Bioethics under attack in new book

Michael Cook
15 Sep 2012
Reproduced with Permission

The latest book in the Basic Bioethics Series published by The MIT Press is a scathing attack on the whole discipline of bioethics. Tom Koch, a Canadian gerontologist and bioethicist, is unsparing in his criticism. In a promotional article in the Huffington Post for the publication of Thieves of Virtue: When Bioethics Stole Medicine, he writes:

"The foundation myth of bioethics, the 'demi-discipline's' self-professed raison d'etre is at best inadequate if not demonstrably false. Its grounding lies not, as bioethicists insist, in a robust ethic of care necessitated by new science and a failed Hippocratic sense of duty and care. Instead its origins and purpose demonstrably rest upon its service to the neoliberal, postmodernist economics that made health a commodity rather than a service."

To tell the truth, the unexpectedly harsh critique is not altogether coherent, so we'll have to wait for the book. But the "Basic Bioethics" series, edited by leading bioethicists Art Caplan and Glen McGee, is quite reputable, so perhaps the preview does not do the book justice.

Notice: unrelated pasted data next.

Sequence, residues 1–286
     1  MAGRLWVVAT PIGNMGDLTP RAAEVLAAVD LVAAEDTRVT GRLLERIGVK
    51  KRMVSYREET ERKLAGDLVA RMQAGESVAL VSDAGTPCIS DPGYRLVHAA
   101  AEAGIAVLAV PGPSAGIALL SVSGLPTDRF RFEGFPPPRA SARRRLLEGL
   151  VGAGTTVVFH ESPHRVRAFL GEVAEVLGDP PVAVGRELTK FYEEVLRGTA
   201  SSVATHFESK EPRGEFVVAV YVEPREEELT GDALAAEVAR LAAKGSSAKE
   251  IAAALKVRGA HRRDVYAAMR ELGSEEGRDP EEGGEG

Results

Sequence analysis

At least it immediately provoked some controversy over the foundational principles of bioethics - which is a positive development. A furious Paul Root Wolfe, of Emory University, the co-editor of the American Journal of Bioethics, gave it a big raspberry: "a rant by someone who really has no idea what he is talking about". Less convincingly, in view of the lurid stories in the column to the right of the article, another reader sniffs that "A respectable venue such as the Huffington Post compromises its credibility by printing this trash".

However, another reader says that "His claims are interesting and not very easy to refute." Stay tuned for further developments.